For most of us, coffee has become a source of life sustenance. It is probably the first thing we consume every day. As years have passed, we have moved on from the regular old milk lattes, cold brews, and Frappuccinos to more sophisticated Espressos and Cappuccinos.
COFFEE – EARLY BEGINNINGS
Some of us are still very practical about the kind of caffeine-rich drink we tend to consume regularly, while others take their caffeine pretty seriously. For these individuals, preparing their regular drink is a work of art and involves intricate steps that need to be followed to make the perfect drink, something that would keep them going for the rest of the day.
In the US, coffee is the fourth most popular beverage and has become part of its popular culture.
But how exactly does the caffeine in coffee induce such boosts in our mood while its excessive consumption can have the exact opposite effect?
Let’s start at the very beginning and discuss the history and origin of coffee.
The History of Coffee
The history and origin of coffee is an interesting and fascinating tale. Its origin is commonly traced back to Ethiopia from where it was transported all around the World and managed to become one of the most valuable trading commodities of its time.
The most widely known and accepted origin story of the coffee beans is linked to the Ethiopian goat herder, Kaldi. In 700AD while feeding his livestock, he noticed that some of his goats were acting quite strangely. He concluded that this unusual behaviour was a result of the recently discovered beans that his goats had eaten. He took the magic beans to a monk who acknowledged the energy inducing effects of coffee beans and how these could help him stay awake all night for worship.
After being discovered in Ethiopia, Coffee began its journey to the rest of the World. Its first destination was Yemen in the 15th Century and from there it gained popularity in neighbouring countries like Egypt, Persia, and Turkey. Coffee gained its real prominence when it was transported to both the Eastern and Western frontiers—East into Indian and West into Europe.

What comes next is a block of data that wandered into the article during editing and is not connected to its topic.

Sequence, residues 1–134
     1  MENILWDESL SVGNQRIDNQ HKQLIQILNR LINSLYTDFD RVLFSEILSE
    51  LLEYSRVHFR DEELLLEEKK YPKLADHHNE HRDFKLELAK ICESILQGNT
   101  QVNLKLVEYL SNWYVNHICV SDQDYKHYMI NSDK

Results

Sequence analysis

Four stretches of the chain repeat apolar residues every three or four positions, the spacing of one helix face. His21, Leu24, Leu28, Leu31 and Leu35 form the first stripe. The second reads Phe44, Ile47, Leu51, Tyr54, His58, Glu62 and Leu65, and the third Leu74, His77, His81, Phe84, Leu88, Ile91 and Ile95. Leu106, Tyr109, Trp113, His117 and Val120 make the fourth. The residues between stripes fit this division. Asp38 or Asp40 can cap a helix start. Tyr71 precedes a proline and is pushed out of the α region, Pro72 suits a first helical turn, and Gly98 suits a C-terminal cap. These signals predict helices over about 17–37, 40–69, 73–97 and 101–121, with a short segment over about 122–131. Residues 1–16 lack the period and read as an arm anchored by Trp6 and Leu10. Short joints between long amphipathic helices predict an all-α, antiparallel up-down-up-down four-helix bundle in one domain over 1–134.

Coffee Enters Asia & Europe
Despite restrictions by Yemen on the trade and transport of coffee beans from the country, an Indian Sufi saint Baba Budan managed to smuggle some coffee beans to India during his return from Mecca in 1670. In the following years, the aromatic seeds quickly amassed reputation across Europe and became part of numerous beverages. In 1674, the Women in England filed a petition to ban coffee and prevent their men from spending way too much time in coffee houses discussing religion and politics.
Coffee’s Final Destination: The Americas
After spreading its aroma around the World, coffee finally made its way into the continent of America. The first coffee beans were transported to the Caribbean Islands from France; coincidentally, these Caribbean Islands had the ideal conditions for coffee cultivation. Gradually the popularity of coffee spread to the South American countries, where it started being cultivated on a larger scale.
Soon after the advent of coffee in Brazil, the country became its largest producer. Interestingly, Brazil still holds the title for the most significant coffee cultivator in the World, and coffee has proven to be a precious export for Brazil, playing a big part in fueling the country’s economy.
Roasting & Grinding Coffee
…and why strong coffee has less caffeine!